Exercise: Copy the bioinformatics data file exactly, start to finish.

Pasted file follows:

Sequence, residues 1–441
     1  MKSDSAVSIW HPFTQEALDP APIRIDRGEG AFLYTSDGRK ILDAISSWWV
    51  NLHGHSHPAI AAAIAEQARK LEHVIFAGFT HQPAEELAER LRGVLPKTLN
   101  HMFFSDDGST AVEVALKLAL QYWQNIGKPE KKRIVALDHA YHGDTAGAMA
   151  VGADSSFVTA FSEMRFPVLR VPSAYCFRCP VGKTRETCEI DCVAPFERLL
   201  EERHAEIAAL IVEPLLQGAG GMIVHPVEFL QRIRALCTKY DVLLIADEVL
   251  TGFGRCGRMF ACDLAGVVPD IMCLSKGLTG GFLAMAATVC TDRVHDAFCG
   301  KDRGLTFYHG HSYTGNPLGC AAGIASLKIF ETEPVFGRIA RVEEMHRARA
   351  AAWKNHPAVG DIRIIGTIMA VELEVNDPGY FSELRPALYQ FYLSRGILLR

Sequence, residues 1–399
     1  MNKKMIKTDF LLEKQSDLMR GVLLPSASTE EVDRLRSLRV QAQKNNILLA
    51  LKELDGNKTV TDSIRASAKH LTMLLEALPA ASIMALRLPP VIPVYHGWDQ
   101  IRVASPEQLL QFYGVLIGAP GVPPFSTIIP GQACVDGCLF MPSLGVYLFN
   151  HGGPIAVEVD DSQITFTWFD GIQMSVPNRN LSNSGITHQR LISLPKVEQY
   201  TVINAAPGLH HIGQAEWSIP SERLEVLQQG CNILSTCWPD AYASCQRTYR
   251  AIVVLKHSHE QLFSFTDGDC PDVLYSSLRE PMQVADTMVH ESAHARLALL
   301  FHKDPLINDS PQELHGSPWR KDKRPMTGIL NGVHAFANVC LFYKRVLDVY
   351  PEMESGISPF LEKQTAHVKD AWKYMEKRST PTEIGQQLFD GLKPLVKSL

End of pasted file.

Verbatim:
Sequence, residues 1–441
     1  MKSDSAVSIW HPFTQEALDP APIRIDRGEG AFLYTSDGRK ILDAISSWWV
    51  NLHGHSHPAI AAAIAEQARK LEHVIFAGFT HQPAEELAER LRGVLPKTLN
   101  HMFFSDDGST AVEVALKLAL QYWQNIGKPE KKRIVALDHA YHGDTAGAMA
   151  VGADSSFVTA FSEMRFPVLR VPSAYCFRCP VGKTRETCEI DCVAPFERLL
   201  EERHAEIAAL IVEPLLQGAG GMIVHPVEFL QRIRALCTKY DVLLIADEVL
   251  TGFGRCGRMF ACDLAGVVPD IMCLSKGLTG GFLAMAATVC TDRVHDAFCG
   301  KDRGLTFYHG HSYTGNPLGC AAGIASLKIF ETEPVFGRIA RVEEMHRARA
   351  AAWKNHPAVG DIRIIGTIMA VELEVNDPGY FSELRPALYQ FYLSRGILLR

Sequence, residues 1–399
     1  MNKKMIKTDF LLEKQSDLMR GVLLPSASTE EVDRLRSLRV QAQKNNILLA
    51  LKELDGNKTV TDSIRASAKH LTMLLEALPA ASIMALRLPP VIPVYHGWDQ
   101  IRVASPEQLL QFYGVLIGAP GVPPFSTIIP GQACVDGCLF MPSLGVYLFN
   151  HGGPIAVEVD DSQITFTWFD GIQMSVPNRN LSNSGITHQR LISLPKVEQY
   201  TVINAAPGLH HIGQAEWSIP SERLEVLQQG CNILSTCWPD AYASCQRTYR
   251  AIVVLKHSHE QLFSFTDGDC PDVLYSSLRE PMQVADTMVH ESAHARLALL
   301  FHKDPLINDS PQELHGSPWR KDKRPMTGIL NGVHAFANVC LFYKRVLDVY
   351  PEMESGISPF LEKQTAHVKD AWKYMEKRST PTEIGQQLFD GLKPLVKSL